Academic probation isn’t a death sentence

Illustration by Mattheau Faught/The Et Cetera

The world of academic probation isn’t made up of hardened criminals, but for many students the verdict feels like a prison. For them, academic redemption is a light on the horizon well within sight, yet so far out of reach.
In order for a student to be put on academic probation, their grade point average must drop below a 2.0. This puts a student on probation level one. After that, if the student does not maintain Cs in all their courses, they can be suspended for the next 16-week semester. Upon returning from suspension the student is then placed on probation level two and only allowed to enroll in a maximum of six credit hours. Once on level two, the student is still expected to maintain all Cs and they must enroll in a human development course, or HDEV 0100. If a student is unable to meet these requirements, then they can be dismissed for an entire year. If the student is still unable to raise their GPA after coming back from their second suspension, then there are grounds for indefinite dismissal.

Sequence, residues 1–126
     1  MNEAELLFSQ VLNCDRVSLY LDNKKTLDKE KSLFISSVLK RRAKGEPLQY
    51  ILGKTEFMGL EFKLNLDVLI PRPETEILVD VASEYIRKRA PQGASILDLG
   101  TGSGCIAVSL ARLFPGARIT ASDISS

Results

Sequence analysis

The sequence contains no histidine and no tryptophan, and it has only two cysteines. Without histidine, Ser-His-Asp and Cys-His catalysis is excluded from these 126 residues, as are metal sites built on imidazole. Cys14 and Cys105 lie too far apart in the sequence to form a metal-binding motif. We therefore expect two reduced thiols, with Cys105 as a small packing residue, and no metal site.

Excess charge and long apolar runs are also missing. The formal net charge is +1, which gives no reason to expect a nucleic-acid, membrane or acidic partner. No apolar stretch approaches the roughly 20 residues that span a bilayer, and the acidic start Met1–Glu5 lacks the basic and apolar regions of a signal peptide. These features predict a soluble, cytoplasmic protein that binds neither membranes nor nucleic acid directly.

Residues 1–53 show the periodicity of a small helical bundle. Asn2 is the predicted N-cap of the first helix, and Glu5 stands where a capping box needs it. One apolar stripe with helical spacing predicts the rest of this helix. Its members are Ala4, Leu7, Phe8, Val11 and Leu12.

LeAnn Akins remembers the way she felt after being dismissed from the University of Colorado in 1990.
“It was excruciating,” said Akins. “I felt like a huge disappointment.”
After high school she was completely unprepared for a four-year university. Akins said there were plenty of reasons for her academic demise that year. Between distractions with friends, time management issues and trouble comprehending classroom material, she felt overwhelmed.
“It just snowballed and then turned into an absolute avalanche at the end of the year with my ultimate dismissal,” she said.